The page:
It really hasn’t been bad. I did Velcro myself to the wall one day. This thing has so many straps and so much Velcro and I sat down on the bench in the entryway and stuck myself to the Velcro on the sleeves of my jacket. Which was still hung on the wall. Can’t reach the hook, can’t reach the Velcro. It was kinda funny. 

I’m back at ‘work’ work and I’ve been lighting the musical ‘Jekyll and Hyde’ at the college. It’s a dark musical. I’ve got some pretty looks, even though it’s not exactly a “pretty” show.

It’s not a college production; we don’t do musicals (they’re too expensive). This is a local group renting the space.


50 thoughts on “Farming in February”

  1. Sorry about the ducks, Ben! I love seeing ducks upended – there’s a little song from kindergarten:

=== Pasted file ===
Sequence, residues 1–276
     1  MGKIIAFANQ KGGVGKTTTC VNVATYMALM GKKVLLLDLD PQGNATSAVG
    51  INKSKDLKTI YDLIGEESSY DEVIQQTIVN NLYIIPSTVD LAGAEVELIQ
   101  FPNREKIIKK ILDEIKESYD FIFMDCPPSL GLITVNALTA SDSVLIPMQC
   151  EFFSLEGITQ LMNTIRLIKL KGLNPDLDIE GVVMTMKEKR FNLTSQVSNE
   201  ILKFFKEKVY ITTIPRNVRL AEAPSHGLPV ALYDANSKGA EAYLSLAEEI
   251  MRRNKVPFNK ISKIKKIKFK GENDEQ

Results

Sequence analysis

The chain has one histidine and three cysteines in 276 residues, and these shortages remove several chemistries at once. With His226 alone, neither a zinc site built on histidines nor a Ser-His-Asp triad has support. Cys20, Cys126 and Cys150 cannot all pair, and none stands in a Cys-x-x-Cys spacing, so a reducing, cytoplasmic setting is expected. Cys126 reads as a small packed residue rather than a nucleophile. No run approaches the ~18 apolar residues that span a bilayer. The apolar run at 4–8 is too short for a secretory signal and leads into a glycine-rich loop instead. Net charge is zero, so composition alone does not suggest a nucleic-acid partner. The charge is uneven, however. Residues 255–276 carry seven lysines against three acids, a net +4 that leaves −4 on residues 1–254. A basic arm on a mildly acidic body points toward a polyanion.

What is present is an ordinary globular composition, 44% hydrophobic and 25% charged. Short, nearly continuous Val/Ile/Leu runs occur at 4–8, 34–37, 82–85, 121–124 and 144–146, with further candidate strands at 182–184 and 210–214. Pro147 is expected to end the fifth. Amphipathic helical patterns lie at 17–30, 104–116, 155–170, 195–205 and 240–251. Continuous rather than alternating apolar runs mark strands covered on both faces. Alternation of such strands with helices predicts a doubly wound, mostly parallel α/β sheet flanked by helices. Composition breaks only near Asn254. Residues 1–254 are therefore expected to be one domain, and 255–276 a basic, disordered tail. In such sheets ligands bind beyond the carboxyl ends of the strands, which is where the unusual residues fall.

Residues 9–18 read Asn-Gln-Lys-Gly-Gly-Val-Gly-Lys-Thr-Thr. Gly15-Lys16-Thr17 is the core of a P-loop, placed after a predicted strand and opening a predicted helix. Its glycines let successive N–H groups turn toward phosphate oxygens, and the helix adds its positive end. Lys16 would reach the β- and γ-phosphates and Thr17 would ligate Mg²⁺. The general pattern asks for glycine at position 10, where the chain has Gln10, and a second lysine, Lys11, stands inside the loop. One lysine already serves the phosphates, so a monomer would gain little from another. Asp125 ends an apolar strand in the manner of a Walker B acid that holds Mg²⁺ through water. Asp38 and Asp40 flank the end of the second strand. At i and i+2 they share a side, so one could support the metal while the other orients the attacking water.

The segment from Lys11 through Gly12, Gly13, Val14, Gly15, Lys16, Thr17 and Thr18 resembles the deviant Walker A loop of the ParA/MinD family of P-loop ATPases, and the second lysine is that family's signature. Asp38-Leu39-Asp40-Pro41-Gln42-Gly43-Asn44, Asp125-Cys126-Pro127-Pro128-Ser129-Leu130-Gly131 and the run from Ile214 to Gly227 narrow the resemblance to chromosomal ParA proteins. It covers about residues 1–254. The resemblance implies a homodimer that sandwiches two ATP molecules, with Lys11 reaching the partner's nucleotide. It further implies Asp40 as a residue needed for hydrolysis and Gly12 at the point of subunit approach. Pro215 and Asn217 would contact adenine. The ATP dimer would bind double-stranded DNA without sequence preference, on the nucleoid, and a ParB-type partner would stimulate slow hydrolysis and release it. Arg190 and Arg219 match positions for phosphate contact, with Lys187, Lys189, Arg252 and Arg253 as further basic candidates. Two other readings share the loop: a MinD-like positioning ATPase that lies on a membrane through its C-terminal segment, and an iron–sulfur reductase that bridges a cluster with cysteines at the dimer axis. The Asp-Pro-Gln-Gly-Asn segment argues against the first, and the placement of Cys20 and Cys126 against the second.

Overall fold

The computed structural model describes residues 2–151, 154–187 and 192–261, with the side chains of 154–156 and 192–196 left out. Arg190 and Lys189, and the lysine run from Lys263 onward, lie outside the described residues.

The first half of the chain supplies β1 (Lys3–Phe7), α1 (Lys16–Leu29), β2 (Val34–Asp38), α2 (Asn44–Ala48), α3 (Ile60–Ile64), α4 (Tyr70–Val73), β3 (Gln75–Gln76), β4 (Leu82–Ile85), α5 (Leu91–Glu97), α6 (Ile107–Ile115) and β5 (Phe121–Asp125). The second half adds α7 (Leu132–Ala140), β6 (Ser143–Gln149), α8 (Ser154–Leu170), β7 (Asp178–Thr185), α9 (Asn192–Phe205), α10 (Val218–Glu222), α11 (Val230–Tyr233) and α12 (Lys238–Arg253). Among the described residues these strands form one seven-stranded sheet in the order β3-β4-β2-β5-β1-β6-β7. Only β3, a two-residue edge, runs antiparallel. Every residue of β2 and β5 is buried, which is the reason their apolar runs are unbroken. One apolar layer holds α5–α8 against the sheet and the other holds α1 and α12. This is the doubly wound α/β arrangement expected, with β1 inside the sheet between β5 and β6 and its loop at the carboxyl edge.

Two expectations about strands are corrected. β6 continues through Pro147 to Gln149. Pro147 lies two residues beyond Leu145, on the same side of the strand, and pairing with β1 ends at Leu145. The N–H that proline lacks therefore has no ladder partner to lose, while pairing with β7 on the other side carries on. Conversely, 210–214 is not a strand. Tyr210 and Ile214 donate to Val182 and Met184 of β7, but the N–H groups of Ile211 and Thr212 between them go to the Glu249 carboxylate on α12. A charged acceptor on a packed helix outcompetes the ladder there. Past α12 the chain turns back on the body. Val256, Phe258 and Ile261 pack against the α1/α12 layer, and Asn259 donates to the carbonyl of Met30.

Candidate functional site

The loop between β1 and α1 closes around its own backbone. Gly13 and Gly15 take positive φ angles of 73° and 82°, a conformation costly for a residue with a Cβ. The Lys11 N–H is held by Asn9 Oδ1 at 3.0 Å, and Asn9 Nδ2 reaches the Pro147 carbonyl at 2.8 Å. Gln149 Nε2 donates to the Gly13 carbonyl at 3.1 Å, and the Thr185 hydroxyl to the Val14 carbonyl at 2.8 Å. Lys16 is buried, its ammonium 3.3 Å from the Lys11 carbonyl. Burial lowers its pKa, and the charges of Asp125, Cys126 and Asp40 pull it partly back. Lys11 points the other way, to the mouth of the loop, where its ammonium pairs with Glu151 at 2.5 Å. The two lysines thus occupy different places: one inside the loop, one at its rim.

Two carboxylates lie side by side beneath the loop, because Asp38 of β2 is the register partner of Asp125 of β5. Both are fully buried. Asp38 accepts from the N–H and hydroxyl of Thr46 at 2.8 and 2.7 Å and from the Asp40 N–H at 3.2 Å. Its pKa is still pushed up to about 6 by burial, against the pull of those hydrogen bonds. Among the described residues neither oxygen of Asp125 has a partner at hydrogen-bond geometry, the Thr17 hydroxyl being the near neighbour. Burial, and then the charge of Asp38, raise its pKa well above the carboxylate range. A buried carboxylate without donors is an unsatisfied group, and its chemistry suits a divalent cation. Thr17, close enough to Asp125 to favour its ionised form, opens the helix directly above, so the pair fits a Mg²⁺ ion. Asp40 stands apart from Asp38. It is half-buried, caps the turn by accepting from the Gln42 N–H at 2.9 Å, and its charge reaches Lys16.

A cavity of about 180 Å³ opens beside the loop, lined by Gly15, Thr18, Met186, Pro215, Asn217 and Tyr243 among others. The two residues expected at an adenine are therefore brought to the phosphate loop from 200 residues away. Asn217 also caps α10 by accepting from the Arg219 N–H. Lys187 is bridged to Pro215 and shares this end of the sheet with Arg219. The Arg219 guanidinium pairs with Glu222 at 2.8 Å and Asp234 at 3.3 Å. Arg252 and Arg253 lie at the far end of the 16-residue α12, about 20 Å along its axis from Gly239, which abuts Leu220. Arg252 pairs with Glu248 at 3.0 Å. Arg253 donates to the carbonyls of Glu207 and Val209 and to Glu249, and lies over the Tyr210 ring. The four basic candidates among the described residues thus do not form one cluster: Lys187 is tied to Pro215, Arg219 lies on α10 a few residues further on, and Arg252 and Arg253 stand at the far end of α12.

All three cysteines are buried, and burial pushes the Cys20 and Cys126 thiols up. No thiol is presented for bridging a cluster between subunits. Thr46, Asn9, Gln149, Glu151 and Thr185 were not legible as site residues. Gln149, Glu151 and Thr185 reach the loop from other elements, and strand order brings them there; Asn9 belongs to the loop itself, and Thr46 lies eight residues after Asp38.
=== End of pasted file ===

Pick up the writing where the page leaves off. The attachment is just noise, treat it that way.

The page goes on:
All my little ducklings swim across the sea
    Heads are in the water, tails look up at me.

    Is the top dog photo Humphrey, with Bailey next?

    I cannot stand on my head, but I USED to be able to do the tripod leading up to it.

    I was in 5th grade or so before I knew there was even a word for farting… I remember my cousin teasing me.
    My favorite s-i-l once had a little book about farts with line drawings that made us laugh out loud… the one that comes to mind was a page titled “Animal Blame”. : )

    I predict this is going to be a funny couple of days on the Trail.

    Liked by 5 people

    1. It’s all Bailey in those photos. Bailey has even ridden in the tractor with Kelly the last few days. Kelly is pleased to have the company and that Bailey has accepted Kelly.

      Liked by 3 people

  2. “You are old, father William,” the young man said,
    “And your hair has become very white;